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The Movement Of German Expressionism Film Studies Essay

1743 words (7 pages) Essay in Film Studies

5/12/16 Film Studies Reference this

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German expressionism occurred during the attempt of a liberal democratic republic after the so called “March revolution” in 1848. The revolution lead to the Weimar republic until 1933 where the NSDAP rose in power and brought with it a totalitarian dictatorship. Although this is the nearest estimate to how it happened, the theory that many where unhappy during the Weimar republic since it was “democracy without democrats” is also supported.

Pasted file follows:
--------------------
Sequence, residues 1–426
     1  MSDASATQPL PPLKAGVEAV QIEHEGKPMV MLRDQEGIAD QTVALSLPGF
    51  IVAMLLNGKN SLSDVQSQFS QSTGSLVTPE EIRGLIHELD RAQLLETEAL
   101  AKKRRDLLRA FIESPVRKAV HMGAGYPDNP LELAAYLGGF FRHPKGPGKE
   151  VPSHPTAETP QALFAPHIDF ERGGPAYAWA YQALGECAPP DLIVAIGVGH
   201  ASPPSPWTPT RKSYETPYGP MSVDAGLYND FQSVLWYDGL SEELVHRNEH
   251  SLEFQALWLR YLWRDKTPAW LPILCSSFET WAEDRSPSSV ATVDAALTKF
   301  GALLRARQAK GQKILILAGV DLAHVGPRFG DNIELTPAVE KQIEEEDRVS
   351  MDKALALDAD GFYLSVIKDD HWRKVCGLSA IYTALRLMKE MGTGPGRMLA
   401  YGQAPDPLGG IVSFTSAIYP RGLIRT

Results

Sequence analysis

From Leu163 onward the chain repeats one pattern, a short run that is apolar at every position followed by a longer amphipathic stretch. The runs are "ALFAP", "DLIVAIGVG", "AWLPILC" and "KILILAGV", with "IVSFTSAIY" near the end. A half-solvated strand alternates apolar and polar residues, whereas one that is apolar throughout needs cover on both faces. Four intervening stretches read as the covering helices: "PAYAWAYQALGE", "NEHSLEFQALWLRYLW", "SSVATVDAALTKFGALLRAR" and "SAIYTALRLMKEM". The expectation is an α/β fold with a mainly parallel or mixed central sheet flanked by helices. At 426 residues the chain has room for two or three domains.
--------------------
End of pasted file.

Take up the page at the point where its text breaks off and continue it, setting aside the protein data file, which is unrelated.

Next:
German Expressionism is an artistic movement of the 1910s and 1920s that involved theatre, photography, painting, sculpture, and architecture and of course film. We will acclaim the German expressionist film time period from 1918 and 1930, at this time the aftermaths of world war one and the troubled Weimar republic overshadowed the films that were being made. The Weimar democracy had to face many difficulties such as: rampant inflation, strikes, street fighting, armed revolt, mass unemployment and political rivalry. This gave expressionism the perfect start to create an art based on the illusion of reality, and this since film is being watched as a sort of avoidance towards one’s own life. Making cinema be a medium of escapism, where reality is put on hold for an hour or two as the viewer sits in a darkened room and consumes the images projected onto the screen. This is why adventure films were the most popular in the beginnings. Considerably like in the classical Hollywood cinema also known as the golden age of Hollywood, era between roughly 1910 and 1960. Which the Films from Germany at that time, tried competing with. The style of German expressionism is what turned it to an influence in the end. The world of German expressionism is an artificial world a world of light and shadow, it created a unique Mise-en-scène German Expressionist films look different, but they have a lot in common with each other.